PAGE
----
• Crusader Kings II Expansion Subscription

    Subscribe to the CK II Expansion and enjoy unlimited access to 13 major expansions and more!


  • Crusader Kings III Available Now!

    The realm rejoices as Paradox Interactive announces the launch of Crusader Kings III, the latest entry in the publisher’s grand strategy role-playing game franchise. Advisors may now jockey for positions of influence and adversaries should save their schemes for another day, because on this day Crusader Kings III can be purchased on Steam, the Paradox Store, and other major online retailers.


    Real Strategy Requires Cunning

unmerged(8523)

zzzz... zzzz...
Apr 2, 2002
895
0
graphic encyclopedia for ck and eu

i wanted to have a place where we can point out mistakes in the graphics of some of the websites that we draw images from. hopefully, it can be an "everyone looking out for everyone" type of thing.

so far, i only have one for certain:

byz_fok.gif


this is the image that flags of the world has for the tentative standard of nikephoras phocas, dated around 963. (i said tentative because no one is really sure about how these were used, or how accurate they are; they're reconstructions.) you'll notice that it has only two diagonal rays extending from the top inside corners of the cross. it's wrong because the "diagonal rays" are really part of the letter chi, and together with the letter rho, it forms the christogram.

here's a picture inside the naval museum in crete, showing two of the flags the images on flags of the world were based on:

lk04d002.jpg


the real "flag" in question is on the top left, and you can see that the "diagonal rays" should extend from all four inside corners.

steph
 
Last edited:

Languish

Fighting the Boredom
Apr 17, 2002
3.588
0
www.twitter.com
Finding any historical flags, or even battle standards is proving to be a bugger. You might want to try the angle i am searching... that of coinage. There might be a slim chance a correct symbol could be shown.

For example this page here shows some of the coins around the time of his reign. Even though they do not contain any specific imagery its worth considering.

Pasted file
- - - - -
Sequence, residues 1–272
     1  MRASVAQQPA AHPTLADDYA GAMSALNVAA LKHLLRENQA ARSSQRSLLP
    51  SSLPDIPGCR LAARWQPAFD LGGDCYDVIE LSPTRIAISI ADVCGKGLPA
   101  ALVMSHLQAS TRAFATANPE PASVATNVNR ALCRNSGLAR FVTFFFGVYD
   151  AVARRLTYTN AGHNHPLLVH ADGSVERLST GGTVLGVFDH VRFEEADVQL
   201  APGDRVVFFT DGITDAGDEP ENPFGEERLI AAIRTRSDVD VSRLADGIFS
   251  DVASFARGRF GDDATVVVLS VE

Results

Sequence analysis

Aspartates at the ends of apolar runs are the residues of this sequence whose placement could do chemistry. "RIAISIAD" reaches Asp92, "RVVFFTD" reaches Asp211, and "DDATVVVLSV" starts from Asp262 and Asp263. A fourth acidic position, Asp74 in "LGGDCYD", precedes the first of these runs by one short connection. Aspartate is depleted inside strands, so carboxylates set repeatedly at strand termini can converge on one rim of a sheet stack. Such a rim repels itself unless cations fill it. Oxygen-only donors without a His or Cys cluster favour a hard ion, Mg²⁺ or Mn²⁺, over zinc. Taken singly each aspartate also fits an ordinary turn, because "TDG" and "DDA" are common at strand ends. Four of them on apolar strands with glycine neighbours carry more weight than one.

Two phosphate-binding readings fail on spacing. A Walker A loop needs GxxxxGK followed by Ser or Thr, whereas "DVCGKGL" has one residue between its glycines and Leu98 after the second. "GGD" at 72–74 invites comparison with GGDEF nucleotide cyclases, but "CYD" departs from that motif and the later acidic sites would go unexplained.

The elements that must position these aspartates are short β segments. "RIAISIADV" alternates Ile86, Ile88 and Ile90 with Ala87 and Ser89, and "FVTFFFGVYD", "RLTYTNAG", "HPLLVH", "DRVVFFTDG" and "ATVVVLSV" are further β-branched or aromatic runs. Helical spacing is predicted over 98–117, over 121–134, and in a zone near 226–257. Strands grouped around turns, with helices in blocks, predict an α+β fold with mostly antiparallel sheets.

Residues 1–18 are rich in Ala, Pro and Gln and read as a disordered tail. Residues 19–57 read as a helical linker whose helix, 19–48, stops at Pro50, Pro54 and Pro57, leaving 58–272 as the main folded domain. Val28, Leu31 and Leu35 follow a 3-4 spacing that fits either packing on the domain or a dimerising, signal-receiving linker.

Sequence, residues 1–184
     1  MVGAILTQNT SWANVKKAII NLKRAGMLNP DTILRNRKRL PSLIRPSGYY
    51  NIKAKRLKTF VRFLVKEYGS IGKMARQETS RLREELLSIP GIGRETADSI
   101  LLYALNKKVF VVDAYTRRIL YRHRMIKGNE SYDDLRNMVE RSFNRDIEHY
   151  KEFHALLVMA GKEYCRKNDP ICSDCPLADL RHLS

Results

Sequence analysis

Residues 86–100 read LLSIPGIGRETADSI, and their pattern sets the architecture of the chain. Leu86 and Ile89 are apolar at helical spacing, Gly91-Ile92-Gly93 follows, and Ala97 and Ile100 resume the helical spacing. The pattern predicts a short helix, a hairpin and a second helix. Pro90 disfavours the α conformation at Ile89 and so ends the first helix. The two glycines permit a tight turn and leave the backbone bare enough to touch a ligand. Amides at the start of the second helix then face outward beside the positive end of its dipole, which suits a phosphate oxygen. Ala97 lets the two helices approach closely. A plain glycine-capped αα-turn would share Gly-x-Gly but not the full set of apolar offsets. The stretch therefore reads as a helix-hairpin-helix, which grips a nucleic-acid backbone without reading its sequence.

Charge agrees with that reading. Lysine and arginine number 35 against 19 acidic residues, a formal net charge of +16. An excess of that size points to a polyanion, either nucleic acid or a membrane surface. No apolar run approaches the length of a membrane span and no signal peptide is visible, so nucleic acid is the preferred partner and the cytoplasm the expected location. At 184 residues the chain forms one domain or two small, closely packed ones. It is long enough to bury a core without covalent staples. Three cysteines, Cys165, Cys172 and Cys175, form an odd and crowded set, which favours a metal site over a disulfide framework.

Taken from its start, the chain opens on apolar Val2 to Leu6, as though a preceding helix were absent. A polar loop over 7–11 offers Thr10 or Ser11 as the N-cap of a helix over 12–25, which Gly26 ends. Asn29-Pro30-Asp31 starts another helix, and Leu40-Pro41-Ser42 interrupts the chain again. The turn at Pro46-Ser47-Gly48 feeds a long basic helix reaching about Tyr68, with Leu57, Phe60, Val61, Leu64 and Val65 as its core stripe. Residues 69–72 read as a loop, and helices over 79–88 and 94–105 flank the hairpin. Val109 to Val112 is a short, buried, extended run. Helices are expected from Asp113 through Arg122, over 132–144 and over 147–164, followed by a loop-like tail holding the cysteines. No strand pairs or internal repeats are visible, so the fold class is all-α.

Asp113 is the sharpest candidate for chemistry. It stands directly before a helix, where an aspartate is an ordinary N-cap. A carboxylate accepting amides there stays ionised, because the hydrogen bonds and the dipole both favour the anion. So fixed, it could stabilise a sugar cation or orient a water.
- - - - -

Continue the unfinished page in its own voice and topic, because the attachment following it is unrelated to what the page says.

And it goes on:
Anyhow, im still looking.
 

unmerged(8523)

zzzz... zzzz...
Apr 2, 2002
895
0
coinage is sometimes a good way to go; it's kind of helpful for the crusader states.

for byzantium though, you're likely to find one of four things: the christogram, someone holding the labarum, a christ, or a personal symbol of some sort (that i've noticed so far).

as far as finding good images being a bugger, i agree with you. it's just that tracking down some of this stuff to begin with takes time, and i wouldn't want someone with a genuine interest in this sort of thing to spend all day to find an image that's somehow incomplete or wrong. i guess we'll never know for sure; time will probably tell some of the images i think are correct aren't. i think i really wanted some kind of research depot for everyone where we could all share, since we all know a little something :)
 

Mad King James

Buzzkill Extraordinaire
61 Badges
Jan 18, 2002
7.148
300
40
  • Stellaris: Leviathans Story Pack
  • Crusader Kings II: Way of Life
  • Europa Universalis IV: Common Sense
  • Crusader Kings II: Horse Lords
  • Europa Universalis IV: Cossacks
  • Crusader Kings II: Conclave
  • Europa Universalis IV: Mare Nostrum
  • Stellaris
  • Stellaris: Galaxy Edition
  • Hearts of Iron IV: Cadet
  • Crusader Kings II: Reapers Due
  • Europa Universalis IV: Rights of Man
  • Stellaris: Digital Anniversary Edition
  • Europa Universalis IV: El Dorado
  • Hearts of Iron IV: Together for Victory
  • Stellaris - Path to Destruction bundle
  • Europa Universalis IV: Mandate of Heaven
  • Europa Universalis IV: Third Rome
  • Hearts of Iron IV: Death or Dishonor
  • Stellaris: Synthetic Dawn
  • Europa Universalis IV: Cradle of Civilization
  • Hearts of Iron IV: Expansion Pass
  • Stellaris: Humanoids Species Pack
  • Stellaris: Apocalypse
  • Europa Universalis IV: Rule Britannia
  • Crusader Kings III: Royal Edition
  • Europa Universalis IV: Art of War
  • Crusader Kings II
  • Crusader Kings II: Charlemagne
  • Crusader Kings II: Legacy of Rome
  • Crusader Kings II: The Old Gods
  • Crusader Kings II: Rajas of India
  • Crusader Kings II: The Republic
  • Crusader Kings II: Sons of Abraham
  • Crusader Kings II: Sword of Islam
  • Deus Vult
  • Europa Universalis III
  • Europa Universalis III Complete
  • Divine Wind
  • Europa Universalis IV: Conquest of Paradise
  • Europa Universalis IV: Wealth of Nations
  • Heir to the Throne
  • Europa Universalis III Complete
  • Europa Universalis III Complete
  • Europa Universalis IV: Res Publica